Life & Style

Missing colours in the rainbow

On the ground Gopi (below) focuses primarily on the trans and intersex communities of rural India in his work  

September 6 marks two years of the decriminalisation of consensual same sex relations in India. If you ask Indian equal and Indigenous rights activist Gopi Shankar how far it has helped members of the LGBTQIA+ community to lead a life of dignity, he rues that the movement has been hijacked by an elite class that finds voice only in the urban belt and fails to engage with crucial human rights issues for queer liberation at the grassroots.

“The battle against Section 377 was important, but the human rights violation of the diverse SOGIESC (Sexual Orientation, Gender Identity & Expressions and Sex Characteristics) identities is still a challenge and needs a wider, more inclusive movement for queer rights,” he says. How can you expect those living in poverty with no awareness or opportunity to be sensitive to queer consciousness, he asks, “especially children, who never receive proper sex education and become more confused about their gender preferences.”

During the past decade, Gopi Shankar has driven himself to work in rural pockets in and around Madurai, Kanyakumari, Sivakasi and Viruddhunagar in Tamil Nadu; Visakhapatnam (Andhra Pradesh) and Mangaluru (Karnataka) to educate, motivate and help those struggling with their own gender orientation. So far, he has reached out to over one million individuals. He points out that intersex people in our country have remained an invisible segment in legal and policy discourses, as a result facing obstacles in access to health, education, public services and employment. It is unfair to give disproportionate attention to the diverse queer identities, he says.

“The fight is constantly against the system that does not allow our children to be raised in the expandable list of identities,” says Gopi, who was recently appointed to the National Council for Transgender Persons. The announcement of the first ever statutory body — with a mandate to advice the Government in designing laws, welfare schemes, policies and grievance redressal mechanisms for transgenders and intersex people in India — was made on August 21. Gopi, at 29, is the youngest member in the committee representing South India. “I hope to develop a comprehensive protection regime for the community during the three-year tenure,” he says.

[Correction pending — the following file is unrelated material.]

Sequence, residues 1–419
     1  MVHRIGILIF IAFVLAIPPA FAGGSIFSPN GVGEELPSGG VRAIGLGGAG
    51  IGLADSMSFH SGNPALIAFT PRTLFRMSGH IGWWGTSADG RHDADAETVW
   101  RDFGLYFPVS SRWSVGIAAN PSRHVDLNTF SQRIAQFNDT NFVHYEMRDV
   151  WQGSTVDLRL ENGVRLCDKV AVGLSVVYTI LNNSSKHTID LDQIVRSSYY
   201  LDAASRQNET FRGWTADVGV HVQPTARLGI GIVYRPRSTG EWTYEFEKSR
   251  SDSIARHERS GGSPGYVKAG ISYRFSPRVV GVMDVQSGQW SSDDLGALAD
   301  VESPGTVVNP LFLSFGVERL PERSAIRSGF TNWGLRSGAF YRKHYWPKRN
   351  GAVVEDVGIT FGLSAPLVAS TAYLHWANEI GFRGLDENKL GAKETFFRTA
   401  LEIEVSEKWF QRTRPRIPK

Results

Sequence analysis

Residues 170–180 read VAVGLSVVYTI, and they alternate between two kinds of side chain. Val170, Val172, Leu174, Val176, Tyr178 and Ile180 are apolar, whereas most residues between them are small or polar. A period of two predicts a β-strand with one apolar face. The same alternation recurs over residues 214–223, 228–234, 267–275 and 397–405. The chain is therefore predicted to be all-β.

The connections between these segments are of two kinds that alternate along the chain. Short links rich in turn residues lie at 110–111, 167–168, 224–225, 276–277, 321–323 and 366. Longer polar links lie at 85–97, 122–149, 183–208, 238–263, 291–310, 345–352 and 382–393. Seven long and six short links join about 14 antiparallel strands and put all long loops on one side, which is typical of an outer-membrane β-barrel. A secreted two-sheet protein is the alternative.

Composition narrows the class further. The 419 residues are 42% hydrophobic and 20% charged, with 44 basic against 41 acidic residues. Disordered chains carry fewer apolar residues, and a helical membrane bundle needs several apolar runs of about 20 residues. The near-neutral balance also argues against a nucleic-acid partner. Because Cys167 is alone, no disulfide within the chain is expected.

Missing colours in the rainbow

Personal path

Yet he feels a sense of incompleteness, because places of faith and education keep shunning diverse people away. “It needs to be addressed because education and engagement alone lead to societal progress,” says Gopi, speaking from his childhood sufferings and travels over the years. The experiences, according to him, were an insightful take on how a baby is born only as a male or female or intersex but grows up with 58 gender options. He has authored the first ever book in Tamil on gender variants titled Maraikappatta Pakkangal (Hidden Pages) and coined the regional term Ze (They) for gender queer people.

Gopi came out of the closet by the time he was out of his teens, and now understands well that the journey is always one of self-realisation and assertion of rights first. “Figuring out sexual orientation is complicated and one needs to accept it first before the parents do or the society does,” he says .

The young founder of Madurai-headquartered Srishti , the largest volunteer-led movement for LGBTQIA+ cause, had also launched the country’s first 24X7 helpline number eight years ago to interact with those with diverse SOGIESC identities in nine languages. Srishti Madurai inspired the landmark judgement from Madras High Court (Madurai Bench) to ban sex selective surgeries on intersex infants and children in Tamil Nadu, making it the first Indian state to do so.

Known for his campaign for Asian Games athlete Santhi Soundararajan who was stripped of her medal after a gender test, Gopi says those four years of advocacy not only led to her honorable return as a coach in TN Sports Development Authority but also fuelled the hope of many others to become better equipped.

The hands-on activist that Gopi is, he also contested the 2016 TN Legislative Assembly election as the first openly intersex and genderqueer candidate. “But it is my writing that helps me to unwind best,” he says.

Gopi’s writings on queer liberation have appeared in magazines, Madurai Srishti blog and his Facebook page.

Get it right

Being intersex is about anatomy and sex characteristics. Individuals born with any of the diverse sex variations — sex hormones, chromosomes, genitalia that do not fit in stereotypical binary definition of male or female bodies.

Being transgender relates to gender identity. A child at birth has biological female or male sex organs but during later years may desire to live as the opposite sex.

Related Topics
This article is closed for comments.
Please Email the Editor

Printable version | Nov 26, 2020 2:30:30 AM |

Next Story